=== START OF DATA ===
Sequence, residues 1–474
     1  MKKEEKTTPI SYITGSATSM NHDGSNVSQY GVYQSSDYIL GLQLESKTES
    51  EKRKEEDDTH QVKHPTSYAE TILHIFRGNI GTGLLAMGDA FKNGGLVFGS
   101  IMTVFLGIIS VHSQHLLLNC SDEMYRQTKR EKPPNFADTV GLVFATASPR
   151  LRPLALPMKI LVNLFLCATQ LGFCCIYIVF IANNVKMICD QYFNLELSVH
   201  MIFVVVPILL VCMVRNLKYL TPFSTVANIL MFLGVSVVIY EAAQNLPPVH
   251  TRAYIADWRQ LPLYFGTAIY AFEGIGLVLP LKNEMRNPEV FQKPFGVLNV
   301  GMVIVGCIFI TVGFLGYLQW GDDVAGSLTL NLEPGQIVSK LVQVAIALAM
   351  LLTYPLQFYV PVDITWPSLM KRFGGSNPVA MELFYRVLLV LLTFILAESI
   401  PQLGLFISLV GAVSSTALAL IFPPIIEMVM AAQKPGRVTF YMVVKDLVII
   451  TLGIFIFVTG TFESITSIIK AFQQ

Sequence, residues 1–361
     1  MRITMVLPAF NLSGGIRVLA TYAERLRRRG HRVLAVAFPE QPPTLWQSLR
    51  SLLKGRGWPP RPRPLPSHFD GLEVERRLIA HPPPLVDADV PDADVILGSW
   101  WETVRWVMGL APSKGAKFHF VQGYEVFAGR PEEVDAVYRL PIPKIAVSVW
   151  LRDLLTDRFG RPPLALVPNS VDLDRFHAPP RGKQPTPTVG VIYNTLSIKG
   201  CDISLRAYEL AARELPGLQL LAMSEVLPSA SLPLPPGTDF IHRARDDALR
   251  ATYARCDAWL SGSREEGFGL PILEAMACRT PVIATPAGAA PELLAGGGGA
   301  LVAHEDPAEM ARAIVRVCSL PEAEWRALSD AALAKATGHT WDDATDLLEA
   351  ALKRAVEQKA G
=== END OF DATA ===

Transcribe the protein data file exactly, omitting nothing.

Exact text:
Sequence, residues 1–474
     1  MKKEEKTTPI SYITGSATSM NHDGSNVSQY GVYQSSDYIL GLQLESKTES
    51  EKRKEEDDTH QVKHPTSYAE TILHIFRGNI GTGLLAMGDA FKNGGLVFGS
   101  IMTVFLGIIS VHSQHLLLNC SDEMYRQTKR EKPPNFADTV GLVFATASPR
   151  LRPLALPMKI LVNLFLCATQ LGFCCIYIVF IANNVKMICD QYFNLELSVH
   201  MIFVVVPILL VCMVRNLKYL TPFSTVANIL MFLGVSVVIY EAAQNLPPVH
   251  TRAYIADWRQ LPLYFGTAIY AFEGIGLVLP LKNEMRNPEV FQKPFGVLNV
   301  GMVIVGCIFI TVGFLGYLQW GDDVAGSLTL NLEPGQIVSK LVQVAIALAM
   351  LLTYPLQFYV PVDITWPSLM KRFGGSNPVA MELFYRVLLV LLTFILAESI
   401  PQLGLFISLV GAVSSTALAL IFPPIIEMVM AAQKPGRVTF YMVVKDLVII
   451  TLGIFIFVTG TFESITSIIK AFQQ

Sequence, residues 1–361
     1  MRITMVLPAF NLSGGIRVLA TYAERLRRRG HRVLAVAFPE QPPTLWQSLR
    51  SLLKGRGWPP RPRPLPSHFD GLEVERRLIA HPPPLVDADV PDADVILGSW
   101  WETVRWVMGL APSKGAKFHF VQGYEVFAGR PEEVDAVYRL PIPKIAVSVW
   151  LRDLLTDRFG RPPLALVPNS VDLDRFHAPP RGKQPTPTVG VIYNTLSIKG
   201  CDISLRAYEL AARELPGLQL LAMSEVLPSA SLPLPPGTDF IHRARDDALR
   251  ATYARCDAWL SGSREEGFGL PILEAMACRT PVIATPAGAA PELLAGGGGA
   301  LVAHEDPAEM ARAIVRVCSL PEAEWRALSD AALAKATGHT WDDATDLLEA
   351  ALKRAVEQKA G